Whether mining or farming, they had plenty of adventures along the way. They ran rivers on bank-built cargo rafts, brushed off threats from the Soapy Smith Gang, and shot wolf and bear to insulate their clothing. The Wild West had emigrated to the Far North.
The new century was barely kindergarten age when Nicholas set his eye on a real, flesh-and-blood future. While dropping off produce at the Walhalla rooming house in Grand Forks, Nicholas was taken by the tall, teenaged, Swedish hostel manager who regularly found herself surrounded by admiring Mounties on extended lunch breaks. Gertrude Petersson, niece of Walhalla’s Swedish owner and her Norwegian husband, would become my great-grandmother.
Gertrude was a multilingual international traveler and accomplished pioneer woman on the day she accepted Nick’s proposal. She was also 15 years old. At the debut of the 20th Century, Viking girls became women when they damn well felt like it.
Striking it big was no longer the goal. Work favored their prepared minds better than fortune ever had. Their plan magnified and transformed: to buy Oregon land and grow the world’s finest wheat. They were building their grubstake in reverse even as Gertrude made her way back to her own family farm in Småland to secure parental permission to marry, as mandatory for her sense of propriety as confirmation in the Lutheran church.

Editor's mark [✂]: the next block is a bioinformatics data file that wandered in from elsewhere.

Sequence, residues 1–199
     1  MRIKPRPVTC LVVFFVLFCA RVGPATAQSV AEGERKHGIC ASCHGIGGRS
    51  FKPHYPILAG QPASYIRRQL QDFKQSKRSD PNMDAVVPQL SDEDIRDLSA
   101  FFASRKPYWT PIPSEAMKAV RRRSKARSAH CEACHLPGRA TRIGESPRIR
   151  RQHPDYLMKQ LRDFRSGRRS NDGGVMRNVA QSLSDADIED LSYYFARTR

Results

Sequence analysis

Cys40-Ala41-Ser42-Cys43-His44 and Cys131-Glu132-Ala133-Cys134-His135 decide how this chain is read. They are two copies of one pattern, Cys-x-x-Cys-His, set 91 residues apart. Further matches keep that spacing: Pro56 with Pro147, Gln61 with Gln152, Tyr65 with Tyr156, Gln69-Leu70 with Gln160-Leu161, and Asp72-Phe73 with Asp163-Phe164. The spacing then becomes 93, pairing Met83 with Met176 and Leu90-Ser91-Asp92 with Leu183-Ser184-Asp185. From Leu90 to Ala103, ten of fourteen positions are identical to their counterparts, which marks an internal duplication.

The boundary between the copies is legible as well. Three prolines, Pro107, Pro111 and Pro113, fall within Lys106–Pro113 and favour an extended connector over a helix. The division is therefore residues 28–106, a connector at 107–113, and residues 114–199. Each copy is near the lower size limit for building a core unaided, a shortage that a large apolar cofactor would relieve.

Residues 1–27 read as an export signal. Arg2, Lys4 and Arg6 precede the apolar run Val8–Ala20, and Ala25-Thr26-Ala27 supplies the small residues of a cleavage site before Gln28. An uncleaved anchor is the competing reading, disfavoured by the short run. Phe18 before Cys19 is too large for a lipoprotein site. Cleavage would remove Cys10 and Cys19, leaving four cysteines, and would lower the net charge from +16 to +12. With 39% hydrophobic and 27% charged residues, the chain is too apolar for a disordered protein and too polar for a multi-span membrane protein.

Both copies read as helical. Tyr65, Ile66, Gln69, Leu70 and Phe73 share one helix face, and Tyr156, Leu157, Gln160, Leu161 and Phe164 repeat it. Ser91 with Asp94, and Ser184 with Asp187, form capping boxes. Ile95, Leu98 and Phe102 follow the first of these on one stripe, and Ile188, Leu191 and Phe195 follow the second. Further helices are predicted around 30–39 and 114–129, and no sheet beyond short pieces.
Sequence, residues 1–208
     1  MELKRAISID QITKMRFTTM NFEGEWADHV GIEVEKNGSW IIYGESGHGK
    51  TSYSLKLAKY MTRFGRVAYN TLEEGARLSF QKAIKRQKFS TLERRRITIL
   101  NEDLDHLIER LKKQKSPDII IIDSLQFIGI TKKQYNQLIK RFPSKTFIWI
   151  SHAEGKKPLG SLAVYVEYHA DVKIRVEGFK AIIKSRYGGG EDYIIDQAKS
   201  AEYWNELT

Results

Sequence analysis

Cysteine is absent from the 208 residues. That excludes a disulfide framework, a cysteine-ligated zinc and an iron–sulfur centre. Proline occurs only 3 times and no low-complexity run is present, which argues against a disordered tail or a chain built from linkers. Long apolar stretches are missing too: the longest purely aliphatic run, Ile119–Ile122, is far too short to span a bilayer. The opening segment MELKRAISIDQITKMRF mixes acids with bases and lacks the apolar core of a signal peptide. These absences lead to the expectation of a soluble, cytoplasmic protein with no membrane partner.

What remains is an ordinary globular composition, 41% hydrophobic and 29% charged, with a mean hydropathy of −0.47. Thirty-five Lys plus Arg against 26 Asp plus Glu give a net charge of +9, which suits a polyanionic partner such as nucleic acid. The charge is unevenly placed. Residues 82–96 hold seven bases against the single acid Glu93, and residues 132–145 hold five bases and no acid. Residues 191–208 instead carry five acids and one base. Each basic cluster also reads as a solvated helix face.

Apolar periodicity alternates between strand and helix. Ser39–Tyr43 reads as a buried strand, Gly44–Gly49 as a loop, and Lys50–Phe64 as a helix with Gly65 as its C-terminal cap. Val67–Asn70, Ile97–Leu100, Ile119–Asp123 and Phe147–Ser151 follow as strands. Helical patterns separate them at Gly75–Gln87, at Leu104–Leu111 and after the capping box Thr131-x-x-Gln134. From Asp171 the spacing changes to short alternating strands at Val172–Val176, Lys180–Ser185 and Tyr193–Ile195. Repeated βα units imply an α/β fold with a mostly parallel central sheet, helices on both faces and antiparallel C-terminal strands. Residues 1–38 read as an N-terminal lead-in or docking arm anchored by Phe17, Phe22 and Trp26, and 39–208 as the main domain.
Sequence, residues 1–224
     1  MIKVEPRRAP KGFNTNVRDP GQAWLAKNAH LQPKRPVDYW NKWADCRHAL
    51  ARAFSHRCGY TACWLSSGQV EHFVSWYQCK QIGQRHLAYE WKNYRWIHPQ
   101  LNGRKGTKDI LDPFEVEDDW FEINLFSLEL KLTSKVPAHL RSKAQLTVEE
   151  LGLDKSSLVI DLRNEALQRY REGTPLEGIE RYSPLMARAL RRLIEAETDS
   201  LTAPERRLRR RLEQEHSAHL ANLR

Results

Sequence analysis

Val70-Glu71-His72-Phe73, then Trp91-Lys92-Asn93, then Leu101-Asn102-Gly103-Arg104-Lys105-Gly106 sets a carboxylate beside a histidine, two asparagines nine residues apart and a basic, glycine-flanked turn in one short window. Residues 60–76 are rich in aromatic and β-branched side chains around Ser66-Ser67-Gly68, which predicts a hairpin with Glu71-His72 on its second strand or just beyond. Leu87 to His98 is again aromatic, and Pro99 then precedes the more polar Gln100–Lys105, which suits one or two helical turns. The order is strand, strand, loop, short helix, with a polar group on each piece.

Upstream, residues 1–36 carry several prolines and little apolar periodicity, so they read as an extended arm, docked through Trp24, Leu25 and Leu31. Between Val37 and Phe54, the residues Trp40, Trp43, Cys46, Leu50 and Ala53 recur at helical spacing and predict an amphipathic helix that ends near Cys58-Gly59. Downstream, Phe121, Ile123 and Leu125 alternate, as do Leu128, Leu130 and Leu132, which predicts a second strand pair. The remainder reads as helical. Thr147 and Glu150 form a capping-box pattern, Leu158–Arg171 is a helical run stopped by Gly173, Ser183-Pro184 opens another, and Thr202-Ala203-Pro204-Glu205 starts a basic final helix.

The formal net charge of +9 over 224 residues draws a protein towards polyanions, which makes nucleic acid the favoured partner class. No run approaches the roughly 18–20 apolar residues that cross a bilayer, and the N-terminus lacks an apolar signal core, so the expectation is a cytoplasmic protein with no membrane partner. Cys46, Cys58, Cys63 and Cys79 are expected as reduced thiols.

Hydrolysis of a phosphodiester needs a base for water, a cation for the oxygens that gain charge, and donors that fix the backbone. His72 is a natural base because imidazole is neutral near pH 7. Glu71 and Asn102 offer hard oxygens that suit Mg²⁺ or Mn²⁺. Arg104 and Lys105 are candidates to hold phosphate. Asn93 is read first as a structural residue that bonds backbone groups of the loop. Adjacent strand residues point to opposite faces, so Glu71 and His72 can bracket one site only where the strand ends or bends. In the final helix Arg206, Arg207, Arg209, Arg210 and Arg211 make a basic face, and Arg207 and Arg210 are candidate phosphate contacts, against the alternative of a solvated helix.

By the time she debarked from a steamship in New York City, Nick was waiting at the gangplank with a platinum-bodied diamond engagement ring from Tiffany’s, size eight and a half. Gertrude may have been a quiet young woman, but she was neither shy nor tiny. She looked her husband straight in the eye, though she did have shorter feet.
Nicholas and John weren’t shy, either. With savings from farming the Yukon, they bought the old Rice place and bent the rolling hills of eastern Oregon to their will with innovation and resolve.
Contour farming? They were all over that. Crop rotation and fallowing were old news to them. They bought and deployed the first power tractor to pull a combine in Wasco County, retiring their tack and draft horses.
John bought a Model T Ford and quickly earned his reputation as a ditch bomber, reminding his children after each fender-wrinkling biff, “Donchoo tell yer Motter!”
Those funny-talking Faxes became grange members, volunteer firefighters, church deacons, hospital donors, and charter members of the Old Wasco County Pioneers. They lent their hands to barn raisings, shot pheasants in the draws, and fished Fifteen Mile Creek where it ran along their property. You can still drive Fax Road through there, if your truck is sturdy or your car is old.